My children have “safe” spaces where they hide toys they don’t want their siblings to touch. This behavior comes naturally. They, like most of us, believe instinctively that they’ll take better care of their things than someone else will. This attitude is probably at the heart of capitalism’s triumph over the past century as the world’s dominant economic system. Its core tenet, the affirmation of private property rights, appeals to our inborn view of the world.

Christians of all people know, however, that human instinct alone quickly reaches its limits as a guiding principle for life, and the subject of ownership is a case in point. For starters, there’s the Bible and its nettlesome insistence that nothing is really ours because “everything under heaven” is in fact God’s (Job 41:11). I’ve never met a good Christian who disagreed with this, at least in theory (even if our credit card statements betray less-than-complete fealty to that theory).

Christians in the West tend to reconcile our contradictory beliefs in private ownership and divine ownership by leaning hard into the principles of personal stewardship. Yes, Genesis 2 commissions man in general to care for God’s resources, but it especially commissions man individually to care for the lot God has entrusted to him. So we’ve received ample formation in, say, stewarding our personal finances. We know what we’re supposed to do with the harvest from our proverbial garden: tithe, give, save, and wisely spend what’s left.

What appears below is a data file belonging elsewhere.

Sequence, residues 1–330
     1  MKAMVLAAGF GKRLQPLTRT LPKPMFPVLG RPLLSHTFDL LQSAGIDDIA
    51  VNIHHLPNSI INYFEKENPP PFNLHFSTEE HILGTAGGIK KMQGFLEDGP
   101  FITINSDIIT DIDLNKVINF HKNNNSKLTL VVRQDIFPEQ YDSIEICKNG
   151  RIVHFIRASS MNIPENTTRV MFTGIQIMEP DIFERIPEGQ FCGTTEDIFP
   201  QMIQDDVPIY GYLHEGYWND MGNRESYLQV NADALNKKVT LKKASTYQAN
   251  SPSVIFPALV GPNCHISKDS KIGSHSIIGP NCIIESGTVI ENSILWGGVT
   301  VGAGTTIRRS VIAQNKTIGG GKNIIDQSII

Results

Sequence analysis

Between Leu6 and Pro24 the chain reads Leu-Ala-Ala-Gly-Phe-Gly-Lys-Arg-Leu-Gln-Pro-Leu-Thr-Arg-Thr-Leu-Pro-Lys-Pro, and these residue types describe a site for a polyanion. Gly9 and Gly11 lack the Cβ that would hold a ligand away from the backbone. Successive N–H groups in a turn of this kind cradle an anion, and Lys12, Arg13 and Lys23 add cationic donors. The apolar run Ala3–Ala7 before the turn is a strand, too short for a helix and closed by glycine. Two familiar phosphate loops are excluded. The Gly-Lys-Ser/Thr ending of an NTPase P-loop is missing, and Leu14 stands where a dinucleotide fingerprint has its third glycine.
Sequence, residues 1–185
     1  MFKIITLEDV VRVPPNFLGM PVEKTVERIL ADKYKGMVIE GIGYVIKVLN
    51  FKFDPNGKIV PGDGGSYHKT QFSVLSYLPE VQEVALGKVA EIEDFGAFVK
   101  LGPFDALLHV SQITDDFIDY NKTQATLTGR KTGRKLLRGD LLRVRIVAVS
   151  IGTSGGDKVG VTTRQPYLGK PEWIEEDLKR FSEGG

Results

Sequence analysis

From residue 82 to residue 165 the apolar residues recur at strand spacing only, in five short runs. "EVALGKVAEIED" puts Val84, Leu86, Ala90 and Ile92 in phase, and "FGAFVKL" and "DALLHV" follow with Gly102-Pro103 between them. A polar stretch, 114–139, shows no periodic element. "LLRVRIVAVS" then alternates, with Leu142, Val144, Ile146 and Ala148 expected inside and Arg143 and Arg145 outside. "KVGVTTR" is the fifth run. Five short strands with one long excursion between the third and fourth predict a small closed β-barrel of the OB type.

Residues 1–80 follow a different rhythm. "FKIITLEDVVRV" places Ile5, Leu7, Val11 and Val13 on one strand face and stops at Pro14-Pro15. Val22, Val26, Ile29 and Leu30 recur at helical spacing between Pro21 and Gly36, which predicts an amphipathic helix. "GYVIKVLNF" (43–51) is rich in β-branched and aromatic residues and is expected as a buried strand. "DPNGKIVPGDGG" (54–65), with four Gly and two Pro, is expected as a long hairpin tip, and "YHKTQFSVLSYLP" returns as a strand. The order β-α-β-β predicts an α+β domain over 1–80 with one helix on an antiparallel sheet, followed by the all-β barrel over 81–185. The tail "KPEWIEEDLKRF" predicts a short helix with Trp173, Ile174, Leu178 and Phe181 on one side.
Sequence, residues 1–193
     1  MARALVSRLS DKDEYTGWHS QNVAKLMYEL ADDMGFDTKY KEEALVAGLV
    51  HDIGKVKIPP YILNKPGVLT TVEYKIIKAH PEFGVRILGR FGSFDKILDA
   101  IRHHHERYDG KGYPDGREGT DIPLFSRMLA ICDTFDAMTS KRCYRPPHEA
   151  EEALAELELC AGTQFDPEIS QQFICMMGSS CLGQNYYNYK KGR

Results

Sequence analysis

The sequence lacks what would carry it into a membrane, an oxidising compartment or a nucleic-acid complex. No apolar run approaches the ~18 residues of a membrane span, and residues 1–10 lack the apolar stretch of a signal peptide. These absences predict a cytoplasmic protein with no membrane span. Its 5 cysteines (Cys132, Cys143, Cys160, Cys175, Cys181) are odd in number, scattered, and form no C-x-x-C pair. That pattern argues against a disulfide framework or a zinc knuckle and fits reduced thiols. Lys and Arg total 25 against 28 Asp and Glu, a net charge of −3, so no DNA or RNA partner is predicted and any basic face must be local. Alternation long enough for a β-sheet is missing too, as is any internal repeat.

Where we lose our footing is communal stewardship. We’re much less sure about the rules of the garden if not only I depend on it but everyone else does too. This, the classic “tragedy of the commons,” is difficult enough to solve as it is. But what if we add a twist and say that, with every piece of fruit picked, the garden dies some imperceptible amount?

Two stories in this month’s issue broach these and other challenges as part of a larger exploration of Christian approaches to conservation. As our cover story argues, the church unquestionably has something significant to contribute to debates over how we should steward oil and other fossil fuels, regardless of our individual views on contentious topics such as climate change.

Certainly, the solutions can feel complex and elusive. But as a starting point, Christians can feel confident enough in God’s providence that we don’t have to panic. As researcher Eli Knapp’s surprising insights into East African poachers suggest, environmental stewardship may require sacrifice, but it is not a zero-sum game. Joyfully, in the Creator’s genius, we find that what’s good for man and what’s good for the earth are often, in fact, the same thing.

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